No IV Skew? Try an Iron Condor

I love to find opportunities where I can buy calendar spreads for a neutral bias. In fact, we have feasted on them in MTM’s Group Coaching class for a long, long time now. The most important part about a calendar, whether it be neutral or directional, is that the underlying is trading as close to the short expiration as possible. There is no debating that point, but an option trader can get an edge from a proper implied volatility (IV) skew. What if there is no IV skew? A short iron condor may be a good choice in that case. Let’s take a look.

IV Skew Edge

An IV skew edge for a long calendar is when the IV level for the short option (shorter expiration) is larger than the long option (longer expiration). The bottom line is to sell more expensive premium than you are buying. There is less risk overall, and the max profit and breakevens grow. But without an IV skew, a short iron condor could be a valid choice. A short iron condor can work better when IV levels are elevated, but if there is no IV skew or a reverse IV skew (larger on the long option) it may be your second and best choice.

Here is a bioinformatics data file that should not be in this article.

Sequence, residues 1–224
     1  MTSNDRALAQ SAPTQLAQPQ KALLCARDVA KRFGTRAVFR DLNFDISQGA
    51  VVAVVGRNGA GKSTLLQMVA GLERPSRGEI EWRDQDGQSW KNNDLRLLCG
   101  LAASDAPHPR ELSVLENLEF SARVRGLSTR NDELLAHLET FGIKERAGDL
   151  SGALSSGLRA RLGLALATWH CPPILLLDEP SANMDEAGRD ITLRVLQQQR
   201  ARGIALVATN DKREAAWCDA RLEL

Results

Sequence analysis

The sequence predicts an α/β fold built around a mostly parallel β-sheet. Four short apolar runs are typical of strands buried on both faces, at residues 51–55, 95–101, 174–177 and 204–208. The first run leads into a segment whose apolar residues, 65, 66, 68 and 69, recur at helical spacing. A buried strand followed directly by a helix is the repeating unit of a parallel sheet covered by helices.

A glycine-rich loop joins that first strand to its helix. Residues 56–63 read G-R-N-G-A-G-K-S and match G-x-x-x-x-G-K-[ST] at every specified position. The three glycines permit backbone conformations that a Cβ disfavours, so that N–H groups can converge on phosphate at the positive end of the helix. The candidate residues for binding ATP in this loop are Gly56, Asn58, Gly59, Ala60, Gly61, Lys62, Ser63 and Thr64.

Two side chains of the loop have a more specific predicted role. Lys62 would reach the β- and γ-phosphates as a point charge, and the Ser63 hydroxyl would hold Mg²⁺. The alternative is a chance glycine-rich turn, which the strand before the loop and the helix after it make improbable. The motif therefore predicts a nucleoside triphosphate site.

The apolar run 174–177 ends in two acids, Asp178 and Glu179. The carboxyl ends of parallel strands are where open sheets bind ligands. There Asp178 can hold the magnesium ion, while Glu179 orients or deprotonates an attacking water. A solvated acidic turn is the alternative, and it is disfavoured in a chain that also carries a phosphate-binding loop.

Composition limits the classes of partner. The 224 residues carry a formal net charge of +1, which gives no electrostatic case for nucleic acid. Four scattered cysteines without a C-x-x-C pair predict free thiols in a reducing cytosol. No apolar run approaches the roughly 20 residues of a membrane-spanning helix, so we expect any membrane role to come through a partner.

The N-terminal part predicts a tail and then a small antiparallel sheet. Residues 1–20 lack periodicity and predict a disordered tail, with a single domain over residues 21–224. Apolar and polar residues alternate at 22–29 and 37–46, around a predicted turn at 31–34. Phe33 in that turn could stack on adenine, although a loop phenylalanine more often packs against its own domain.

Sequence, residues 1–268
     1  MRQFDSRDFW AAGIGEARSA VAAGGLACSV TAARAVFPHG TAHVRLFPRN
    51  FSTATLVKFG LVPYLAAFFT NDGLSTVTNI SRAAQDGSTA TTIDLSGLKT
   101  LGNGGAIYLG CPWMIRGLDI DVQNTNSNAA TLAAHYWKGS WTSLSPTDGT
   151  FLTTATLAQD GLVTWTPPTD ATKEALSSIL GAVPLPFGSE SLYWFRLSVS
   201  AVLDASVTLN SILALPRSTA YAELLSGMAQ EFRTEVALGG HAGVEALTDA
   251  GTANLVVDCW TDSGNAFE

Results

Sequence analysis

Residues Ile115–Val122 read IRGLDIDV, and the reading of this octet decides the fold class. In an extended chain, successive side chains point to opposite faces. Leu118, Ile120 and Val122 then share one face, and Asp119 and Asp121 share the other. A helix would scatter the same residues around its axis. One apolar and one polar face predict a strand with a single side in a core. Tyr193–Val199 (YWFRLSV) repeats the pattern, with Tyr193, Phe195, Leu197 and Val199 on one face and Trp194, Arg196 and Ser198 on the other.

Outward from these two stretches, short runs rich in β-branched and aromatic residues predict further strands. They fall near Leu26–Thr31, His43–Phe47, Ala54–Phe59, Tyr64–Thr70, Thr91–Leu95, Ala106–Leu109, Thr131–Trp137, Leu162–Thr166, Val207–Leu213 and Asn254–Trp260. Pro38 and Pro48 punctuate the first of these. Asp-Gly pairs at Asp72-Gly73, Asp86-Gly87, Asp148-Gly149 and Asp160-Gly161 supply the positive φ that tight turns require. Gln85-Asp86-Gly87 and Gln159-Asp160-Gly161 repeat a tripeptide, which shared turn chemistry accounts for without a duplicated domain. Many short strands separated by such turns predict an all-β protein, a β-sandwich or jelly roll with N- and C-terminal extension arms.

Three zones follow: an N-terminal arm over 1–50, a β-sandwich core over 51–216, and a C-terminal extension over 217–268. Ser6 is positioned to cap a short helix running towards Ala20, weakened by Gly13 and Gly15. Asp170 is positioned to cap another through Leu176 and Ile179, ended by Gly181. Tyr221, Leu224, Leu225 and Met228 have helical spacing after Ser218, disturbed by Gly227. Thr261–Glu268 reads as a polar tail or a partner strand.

SPY Example

Recently in Group Coaching, we had been looking for a neutral opportunity in the S&P 500 ETF (SPY). But as we looked at the IV levels, we found there really was no advantage based on an IV skew. IV levels were a bit elevated because there were several expected volatility events taking place that week. In the hourly chart below of the SPY, you can see the ETF was trading between some potential support around $395 and resistance around $404.


But as you can see below, there was not much of an IV skew between Wednesday’s expiration and Thursday’s expiration.


Instead, we considered a short iron condor by selling the 392/394 put spread and the 404/406 call spread for Wednesday’s expiration as seen below.


Both trades would have benefitted from neutral action from the ETF. But without an IV skew a long calendar seems a bit less attractive, especially since IV skews have been abundant over the past several months.


As noted above, it is not mandatory to have an IV skew to trade a long calendar, but I would rather wait until there is one to consider a long calendar. A short iron condor will be there for you as a good backup if there isn’t.

John Kmiecik

Senior Options Instructor Market Taker Mentoring, Inc.

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